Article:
When Mike Ilitch found a new head coach for the Red Wings on Christmas Eve

Hall of Fame defenceman Brad Park played the final two seasons of his career with Detroit before serving as head coach for part of one season.

Hall of Fame defenceman Brad Park played the final two seasons of his career with Detroit before serving as head coach for part of one season with the Red Wings.

Has there ever been a better business deal than when Mike Ilitch snagged the Detroit Red Wings for a paltry $8 million in 1982? Last year the money gurus at Forbes magazine estimated the worth of the franchise at more than half a billion dollars. That billion with a “B.” Not a bad investment by Mr. I.

When Ilitch purchased the hockey team from the unpopular Bruce Norris, the pizza magnate recognized that he had a lot of work to do to restore the once-proud franchise to a level of success. After all, fans referred to the team as the “Dead Wings” after they managed just one playoff appearance in eleven seasons. The first step was to assess the situation on the ice and in the front office.

Success was not a given by any means. Up to the point that he purchased the Red Wings, Ilitch’s only previous business experience in sports was as owner of the Detroit Caesars, a professional softball team, for three seasons in the late 1970s. While the team was very competitive (winning two titles) and they fielded popular former Tigers Norm Cash and Jim Northrup, it was still softball. They were lobbing the ball underhand, for gosh sakes!

But Ilitch played hardball with his hockey team practically from day one. After watching and suffering through his first season as owner of the Wings (they managed just 21 wins and a last place finish), when the team got off to a slow start to the 1983-84 season he gave strict orders. His team would not be a laughingstock. Coach Nick Polano, helped by the addition of some veteran players, righted the ship and gave Ilitch a playoff team the next two seasons despite a losing record. Still, playoff success and respect still seemed far away.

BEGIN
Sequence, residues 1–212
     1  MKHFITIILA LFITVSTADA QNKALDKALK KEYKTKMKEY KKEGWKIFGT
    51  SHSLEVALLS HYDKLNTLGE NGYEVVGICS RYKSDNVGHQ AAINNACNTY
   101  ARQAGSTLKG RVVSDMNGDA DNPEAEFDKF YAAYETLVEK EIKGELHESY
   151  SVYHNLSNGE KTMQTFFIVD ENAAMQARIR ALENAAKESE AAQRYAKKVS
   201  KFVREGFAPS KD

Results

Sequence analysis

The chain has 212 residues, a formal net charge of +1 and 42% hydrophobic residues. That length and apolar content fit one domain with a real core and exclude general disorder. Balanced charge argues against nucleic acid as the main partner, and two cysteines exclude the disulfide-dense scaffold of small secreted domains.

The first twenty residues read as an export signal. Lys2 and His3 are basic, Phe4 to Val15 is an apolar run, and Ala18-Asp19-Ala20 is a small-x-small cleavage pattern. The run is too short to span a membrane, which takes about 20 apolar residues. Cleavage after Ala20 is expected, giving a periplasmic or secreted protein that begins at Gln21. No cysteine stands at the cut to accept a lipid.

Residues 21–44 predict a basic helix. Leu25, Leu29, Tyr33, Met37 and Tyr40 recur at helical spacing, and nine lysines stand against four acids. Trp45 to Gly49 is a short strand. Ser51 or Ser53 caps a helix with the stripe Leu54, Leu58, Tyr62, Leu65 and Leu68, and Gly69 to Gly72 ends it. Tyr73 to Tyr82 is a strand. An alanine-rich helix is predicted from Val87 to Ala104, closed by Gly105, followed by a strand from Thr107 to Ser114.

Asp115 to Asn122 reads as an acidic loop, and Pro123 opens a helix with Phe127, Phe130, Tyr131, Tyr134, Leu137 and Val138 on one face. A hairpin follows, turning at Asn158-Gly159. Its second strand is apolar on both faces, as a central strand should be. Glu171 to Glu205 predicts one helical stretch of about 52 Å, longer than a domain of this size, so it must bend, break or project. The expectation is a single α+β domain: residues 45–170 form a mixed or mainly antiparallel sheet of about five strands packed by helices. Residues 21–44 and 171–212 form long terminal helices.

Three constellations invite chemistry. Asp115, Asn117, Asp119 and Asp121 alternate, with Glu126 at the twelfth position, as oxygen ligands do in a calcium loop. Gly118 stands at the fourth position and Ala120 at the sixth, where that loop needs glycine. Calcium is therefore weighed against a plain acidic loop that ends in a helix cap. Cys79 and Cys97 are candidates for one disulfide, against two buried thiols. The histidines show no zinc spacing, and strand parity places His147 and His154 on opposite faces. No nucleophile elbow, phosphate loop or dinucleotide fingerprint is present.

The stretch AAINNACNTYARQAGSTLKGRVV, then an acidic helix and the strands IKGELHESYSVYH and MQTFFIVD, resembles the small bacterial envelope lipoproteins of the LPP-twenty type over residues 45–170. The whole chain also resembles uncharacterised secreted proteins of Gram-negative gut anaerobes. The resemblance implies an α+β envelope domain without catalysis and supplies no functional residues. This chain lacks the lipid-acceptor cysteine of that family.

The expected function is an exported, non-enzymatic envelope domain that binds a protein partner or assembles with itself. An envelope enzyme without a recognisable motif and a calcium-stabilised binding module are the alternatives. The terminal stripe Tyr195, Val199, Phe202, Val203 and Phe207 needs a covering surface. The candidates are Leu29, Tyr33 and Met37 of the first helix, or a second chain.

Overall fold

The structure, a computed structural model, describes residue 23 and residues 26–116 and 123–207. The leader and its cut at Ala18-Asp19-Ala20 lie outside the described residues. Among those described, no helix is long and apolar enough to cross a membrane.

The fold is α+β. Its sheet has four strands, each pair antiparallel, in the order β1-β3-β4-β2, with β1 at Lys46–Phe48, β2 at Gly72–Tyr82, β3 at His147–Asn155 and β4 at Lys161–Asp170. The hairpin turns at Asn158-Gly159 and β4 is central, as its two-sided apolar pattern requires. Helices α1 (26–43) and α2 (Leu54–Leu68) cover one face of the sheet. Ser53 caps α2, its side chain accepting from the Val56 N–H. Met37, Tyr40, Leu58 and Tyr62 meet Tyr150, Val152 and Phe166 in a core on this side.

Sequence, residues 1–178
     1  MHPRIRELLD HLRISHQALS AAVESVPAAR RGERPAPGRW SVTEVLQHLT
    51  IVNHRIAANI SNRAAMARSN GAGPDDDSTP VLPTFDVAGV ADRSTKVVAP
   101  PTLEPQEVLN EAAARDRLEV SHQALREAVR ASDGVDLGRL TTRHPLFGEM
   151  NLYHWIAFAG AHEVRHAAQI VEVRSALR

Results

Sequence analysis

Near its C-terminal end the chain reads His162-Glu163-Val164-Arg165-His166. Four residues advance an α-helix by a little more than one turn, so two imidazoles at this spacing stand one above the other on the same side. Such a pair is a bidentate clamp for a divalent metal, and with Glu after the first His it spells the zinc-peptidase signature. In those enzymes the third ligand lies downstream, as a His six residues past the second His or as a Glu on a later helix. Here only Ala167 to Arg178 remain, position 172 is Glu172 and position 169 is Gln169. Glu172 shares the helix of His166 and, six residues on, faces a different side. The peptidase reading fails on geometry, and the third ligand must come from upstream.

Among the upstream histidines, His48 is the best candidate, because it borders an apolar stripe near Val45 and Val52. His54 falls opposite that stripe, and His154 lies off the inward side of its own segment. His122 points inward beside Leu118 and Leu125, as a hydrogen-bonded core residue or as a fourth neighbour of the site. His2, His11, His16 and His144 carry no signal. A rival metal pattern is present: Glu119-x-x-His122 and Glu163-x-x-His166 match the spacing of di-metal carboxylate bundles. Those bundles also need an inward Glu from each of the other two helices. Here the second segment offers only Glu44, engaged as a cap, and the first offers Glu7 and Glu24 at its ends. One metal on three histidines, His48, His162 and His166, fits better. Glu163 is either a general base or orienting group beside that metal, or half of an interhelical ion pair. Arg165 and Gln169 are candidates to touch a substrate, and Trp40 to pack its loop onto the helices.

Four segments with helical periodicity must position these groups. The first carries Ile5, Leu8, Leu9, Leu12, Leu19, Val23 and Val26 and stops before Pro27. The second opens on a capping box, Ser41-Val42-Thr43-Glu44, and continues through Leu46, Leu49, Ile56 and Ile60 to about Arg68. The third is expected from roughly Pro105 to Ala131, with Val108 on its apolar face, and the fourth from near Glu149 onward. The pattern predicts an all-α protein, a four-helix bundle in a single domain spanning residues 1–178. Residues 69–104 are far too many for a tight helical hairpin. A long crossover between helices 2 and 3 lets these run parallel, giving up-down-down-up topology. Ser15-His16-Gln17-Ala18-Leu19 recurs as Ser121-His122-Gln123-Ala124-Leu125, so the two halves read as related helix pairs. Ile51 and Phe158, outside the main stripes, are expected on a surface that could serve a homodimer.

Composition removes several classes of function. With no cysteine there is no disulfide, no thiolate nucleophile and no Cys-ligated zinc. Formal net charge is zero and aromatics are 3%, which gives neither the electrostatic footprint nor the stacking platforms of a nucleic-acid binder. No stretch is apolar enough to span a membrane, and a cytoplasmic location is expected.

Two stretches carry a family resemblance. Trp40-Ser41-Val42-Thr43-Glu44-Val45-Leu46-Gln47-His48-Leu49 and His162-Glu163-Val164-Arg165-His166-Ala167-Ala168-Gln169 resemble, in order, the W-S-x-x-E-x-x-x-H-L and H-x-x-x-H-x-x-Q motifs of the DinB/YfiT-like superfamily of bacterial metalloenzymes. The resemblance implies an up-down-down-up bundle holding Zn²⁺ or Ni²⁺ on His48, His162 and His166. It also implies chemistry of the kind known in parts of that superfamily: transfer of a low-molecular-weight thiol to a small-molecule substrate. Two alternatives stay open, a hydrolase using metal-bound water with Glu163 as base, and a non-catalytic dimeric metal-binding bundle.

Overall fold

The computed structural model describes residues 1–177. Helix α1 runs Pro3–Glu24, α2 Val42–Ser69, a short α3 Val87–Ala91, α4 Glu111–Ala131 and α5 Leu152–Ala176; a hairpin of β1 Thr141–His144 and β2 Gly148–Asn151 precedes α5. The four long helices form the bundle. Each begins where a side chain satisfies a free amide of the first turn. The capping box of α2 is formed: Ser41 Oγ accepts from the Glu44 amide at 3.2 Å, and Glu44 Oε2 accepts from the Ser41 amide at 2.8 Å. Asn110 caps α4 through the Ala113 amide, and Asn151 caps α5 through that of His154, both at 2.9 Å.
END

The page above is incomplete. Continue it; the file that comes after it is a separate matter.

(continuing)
In 1985 the team had third-year player Steve Yzerman in tow (the future legend was still only 20 years old), but they still got off to a terrible start. With their record at 8-23-4, Ilitch had seen enough. He determined that he needed a new leader on the ice. On Christmas Eve 1985, while most people were getting ready to tear open presents and eat a lot of ham and pie with family, Mr. Ilitch started a search. Rather quickly he fixed on one person – Brad Park.

Park was one of the first players Ilitch had acquired after purchasing the Red Wings. The veteran defenceman had helped the team make those two playoff appearances under Polano. As a player, Park was generally considered the second-best defenceman of his generation, rating behind Bobby Orr, his rival. Now, Park was retired, having finally hung up his skates as a player after 17 seasons and nine All-Star selections. Park was well-respected in the NHL and he commanded attention from young players in the latter stages of his career.